But people are quick to jump to conclusions that he didn’t want to go back to the Whitecaps ok.

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1 hour ago, SoccMan said:

Yup Larin should have skipped MLS , even Davies, or all those American players who started in the MLS and then had good careers in Europe, or never mind that , how the hell did Hutchinson become so good without going to Europe at 14 years old ? Or Saltieri both Hutchinson and Saltieri both left can at around 19 or even older I think. I realize Hutchinson and Saltieri did not spend anytime in MLS but to claim that spending a few years in MLS is going to stunt your development somehow is a good one . The bottom line is this if you are talented and have what it takes you will make it if you don’t have what it takes then unfortunately you will not it’s the cruel reality of sports , no matter what route you take . Oh and I really feel for that poor soul Tajon Buchanan for sticking it out in the MLS what was he thinking there is no way this guy has a chance in hell in making a career for himself in Europe.

I believe @narduch mentioned MLS specifically for a reason and that is because MLS does not have a great track record for developing players.  MLS is a win-now league that doesn't necessarily see the value of developing players.  Why invest in a young player when you can just easily bring in some 26 year-old international to fill that hole?  Also, the financial incentive to develop and sell players isn't as great in MLS.  Sure, some have cashed in (VWFC with Davies), but that was a big splash.  If there were a lot more little splashes, it could be very lucrative for the team, but there isn't quite that interest internationally yet.

So, if you are young you need a unique combination of skill and luck to get playing time in MLS.

Larin was lucky to get a shot with the Orlando first team because they got decimated by injuries and he took that shot.  Without those injuries though he could've bounced around the team much like Laryea.  Laryea in fact proves this point: it was just as likely for him to fade out of the sport forever than to succeed as he has.  He was discarded by Orlando and needed a lucky break to make it into the TFC team.  Now he's considered one of the best RBs in the league.  Without that lucky break, he could've been working at a pizzeria with Bryce Alderson.

Same goes for MAK.  Same can be said with Pasher.  To say that all you need is talent to succeed, that is not true.  To succeed in MLS you need talent and luck, almost in equal portions.  Okello oozes talent.  I'll be surprised if he gets 180 minutes the rest of the season (barring a run of catastrophic injuries).

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1 hour ago, narduch said:

When the 3 MLS clubs consistently produce long term professionals I will change my mind on this.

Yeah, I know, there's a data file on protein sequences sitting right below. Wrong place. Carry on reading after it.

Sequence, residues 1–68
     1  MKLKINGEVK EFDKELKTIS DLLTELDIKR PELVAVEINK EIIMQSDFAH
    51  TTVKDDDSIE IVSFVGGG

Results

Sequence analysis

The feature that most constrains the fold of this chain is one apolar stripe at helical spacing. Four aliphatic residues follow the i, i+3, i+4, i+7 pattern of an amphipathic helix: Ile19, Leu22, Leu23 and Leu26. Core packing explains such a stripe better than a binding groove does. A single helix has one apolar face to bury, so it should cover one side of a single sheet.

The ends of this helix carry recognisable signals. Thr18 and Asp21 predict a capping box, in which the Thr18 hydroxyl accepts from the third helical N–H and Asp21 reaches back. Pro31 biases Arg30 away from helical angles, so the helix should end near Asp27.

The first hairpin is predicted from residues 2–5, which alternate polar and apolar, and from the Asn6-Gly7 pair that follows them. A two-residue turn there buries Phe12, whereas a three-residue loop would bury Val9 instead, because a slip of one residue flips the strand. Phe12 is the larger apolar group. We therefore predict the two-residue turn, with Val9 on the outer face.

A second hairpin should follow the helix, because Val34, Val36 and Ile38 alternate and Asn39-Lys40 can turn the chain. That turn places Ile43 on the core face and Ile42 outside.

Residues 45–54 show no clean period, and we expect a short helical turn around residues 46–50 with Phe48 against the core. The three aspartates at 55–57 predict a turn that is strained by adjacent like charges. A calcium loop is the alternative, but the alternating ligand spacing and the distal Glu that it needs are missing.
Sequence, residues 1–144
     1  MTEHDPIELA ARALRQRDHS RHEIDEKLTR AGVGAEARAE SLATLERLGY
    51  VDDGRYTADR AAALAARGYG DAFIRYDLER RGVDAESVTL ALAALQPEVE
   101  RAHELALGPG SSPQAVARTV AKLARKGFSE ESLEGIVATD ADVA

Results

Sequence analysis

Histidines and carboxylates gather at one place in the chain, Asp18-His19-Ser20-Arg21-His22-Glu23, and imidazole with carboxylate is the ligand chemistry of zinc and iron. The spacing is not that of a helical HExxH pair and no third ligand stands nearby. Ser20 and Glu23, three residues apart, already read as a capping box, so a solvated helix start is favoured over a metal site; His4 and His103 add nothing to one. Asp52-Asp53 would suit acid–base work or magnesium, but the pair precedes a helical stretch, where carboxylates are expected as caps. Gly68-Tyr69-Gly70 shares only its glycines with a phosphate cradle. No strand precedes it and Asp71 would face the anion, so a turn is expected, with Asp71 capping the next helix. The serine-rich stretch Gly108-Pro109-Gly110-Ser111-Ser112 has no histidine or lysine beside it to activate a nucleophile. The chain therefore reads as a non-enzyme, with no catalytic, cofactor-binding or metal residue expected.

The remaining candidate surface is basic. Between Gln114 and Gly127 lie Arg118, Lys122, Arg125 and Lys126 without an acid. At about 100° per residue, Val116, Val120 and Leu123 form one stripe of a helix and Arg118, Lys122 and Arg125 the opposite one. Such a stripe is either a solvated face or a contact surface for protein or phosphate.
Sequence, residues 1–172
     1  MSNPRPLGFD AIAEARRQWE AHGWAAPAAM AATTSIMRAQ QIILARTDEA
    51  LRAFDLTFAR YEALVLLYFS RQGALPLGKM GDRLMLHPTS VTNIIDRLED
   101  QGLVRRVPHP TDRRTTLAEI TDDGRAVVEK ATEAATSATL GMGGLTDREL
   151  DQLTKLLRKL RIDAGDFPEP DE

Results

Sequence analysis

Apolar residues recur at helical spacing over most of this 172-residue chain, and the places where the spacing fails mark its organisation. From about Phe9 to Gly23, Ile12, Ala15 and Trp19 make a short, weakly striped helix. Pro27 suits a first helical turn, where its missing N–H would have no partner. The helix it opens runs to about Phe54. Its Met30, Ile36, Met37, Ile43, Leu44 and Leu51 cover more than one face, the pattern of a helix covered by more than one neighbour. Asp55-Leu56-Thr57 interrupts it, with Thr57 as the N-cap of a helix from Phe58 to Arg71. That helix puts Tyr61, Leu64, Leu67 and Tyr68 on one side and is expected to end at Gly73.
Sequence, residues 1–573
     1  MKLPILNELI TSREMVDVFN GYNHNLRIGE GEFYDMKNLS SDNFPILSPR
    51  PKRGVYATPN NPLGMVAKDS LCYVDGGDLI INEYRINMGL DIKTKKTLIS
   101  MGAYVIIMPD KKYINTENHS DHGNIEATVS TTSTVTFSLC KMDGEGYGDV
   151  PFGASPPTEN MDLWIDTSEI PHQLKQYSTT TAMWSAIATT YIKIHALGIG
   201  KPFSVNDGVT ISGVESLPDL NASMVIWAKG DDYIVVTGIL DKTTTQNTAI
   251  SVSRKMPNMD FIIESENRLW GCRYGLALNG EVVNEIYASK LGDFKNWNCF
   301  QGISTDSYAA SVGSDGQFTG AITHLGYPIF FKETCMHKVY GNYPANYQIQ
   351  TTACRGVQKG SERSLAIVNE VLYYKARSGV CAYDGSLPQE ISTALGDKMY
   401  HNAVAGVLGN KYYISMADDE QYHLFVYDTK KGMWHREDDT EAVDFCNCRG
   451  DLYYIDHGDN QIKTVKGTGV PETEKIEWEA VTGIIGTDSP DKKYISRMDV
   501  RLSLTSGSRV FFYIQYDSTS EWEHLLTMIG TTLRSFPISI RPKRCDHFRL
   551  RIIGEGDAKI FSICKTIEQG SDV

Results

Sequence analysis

I know what you are trying to say, but there are more than 3 MLS clubs.

 

40 minutes ago, costarg said:

MLS teams see Nani and Bradley as investments, meanwhile Okello, Fraser & all, are just rotting away instead of being developed by solid experienced coaches.

It's rather strange to group Bradley in with Nani in this context, considering Bradley joined TFC at 26.

 

19 minutes ago, El Hombre said:

I believe @narduch mentioned MLS specifically for a reason and that is because MLS does not have a great track record for developing players.  MLS is a win-now league that doesn't necessarily see the value of developing players.

As much as people in here tend to talk of Europe as some sort of monolith, it also happens for MLS.

Like any other league, it has some teams that subscribe to the above philosophy, while others (FC Dallas, NYRB, Philadelphia) are selling young players rather frequently. The league itself has started incentivizing sales of young players, so we should see more in the years to come.

1 hour ago, VinceA said:

Different routes work for different people. David worked out well going to Europe while Davies grew very nicely in Vancouver.

This is it, exactly.

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21 minutes ago, RS said:

Like any other league, it has some teams that subscribe to the above philosophy, while others (FC Dallas, NYRB, Philadelphia) are selling young players rather frequently. The league itself has started incentivizing sales of young players, so we should see more in the years to come.

Oh absolutely.  No argument here.  If you can get involved in one of those organizations, you have a highly likelihood of success as a young player.  I just don't think it is quite trickled down to other clubs just yet.  It is moving that way and is a far cry from when MLS (seemed to) actively block the sales of players ten-ish years ago.

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Personally I would like to see young Canadians move to Europe 9 times out of 10. There's way more teams, way more opportunity, better players, better coaching, higher pressure situations, tougher competition. It's also a challenging and growing experience to move away from home and take on the challenge of surviving in a foreign environment. At the end of the day, Europe is where the best clubs in the world are so it only makes sense that our players should generally all want to reach those heights. If I'm Buchanan for example, I'm wanting to make the move over there asap.